HERODIANS (`HpwStavoi), a sect or party mentioned in Scripture as having on two occasions - once in Galilee, and again in Jerusalem - manifested an unfriendly disposition towards Jesus (Mark iii.
is possible that, to gain adherents, the Herodian party may have been in the habit of representing that the establishment of a Herodian dynasty would be favourable to the realization of the theocracy; and this in turn may account for Tertullian's (De praescr.) allegation that the Herodians regarded Herod himself as the Messiah.
They therefore sent a joint deputation of Pharisees and Herodians to entrap Him with a question as to the Roman tribute, in answering which He must either lose His influence with the people or else lay Himself open to a charge of treason.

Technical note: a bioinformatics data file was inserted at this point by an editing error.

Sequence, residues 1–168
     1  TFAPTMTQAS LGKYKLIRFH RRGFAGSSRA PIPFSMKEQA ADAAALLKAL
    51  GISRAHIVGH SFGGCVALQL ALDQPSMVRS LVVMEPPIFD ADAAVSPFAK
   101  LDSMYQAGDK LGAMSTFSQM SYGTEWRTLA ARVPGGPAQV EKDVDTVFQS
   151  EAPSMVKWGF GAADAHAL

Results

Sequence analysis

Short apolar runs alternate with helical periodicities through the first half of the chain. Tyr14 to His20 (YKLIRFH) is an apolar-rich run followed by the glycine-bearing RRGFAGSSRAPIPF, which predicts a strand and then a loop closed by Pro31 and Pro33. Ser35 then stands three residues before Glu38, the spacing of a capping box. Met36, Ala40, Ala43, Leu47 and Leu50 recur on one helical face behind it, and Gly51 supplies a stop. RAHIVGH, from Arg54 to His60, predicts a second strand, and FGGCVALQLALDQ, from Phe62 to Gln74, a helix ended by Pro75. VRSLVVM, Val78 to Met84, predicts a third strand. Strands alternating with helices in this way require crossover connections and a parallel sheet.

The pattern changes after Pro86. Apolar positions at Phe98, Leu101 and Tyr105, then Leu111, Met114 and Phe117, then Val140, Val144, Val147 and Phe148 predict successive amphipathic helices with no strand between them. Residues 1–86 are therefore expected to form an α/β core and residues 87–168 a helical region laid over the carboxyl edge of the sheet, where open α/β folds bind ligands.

According to many interpreters the courtiers or soldiers of Herod Antipas ("Milites Herodis," Jerome) are intended; but more probably the Herodians were a public political party, who distinguished themselves from the two great historical parties of post-exilian Judaism by the fact that they were and had been sincerely friendly to Herod the Great and to his dynasty (cf.
Christ answered the Herodians according to their condition.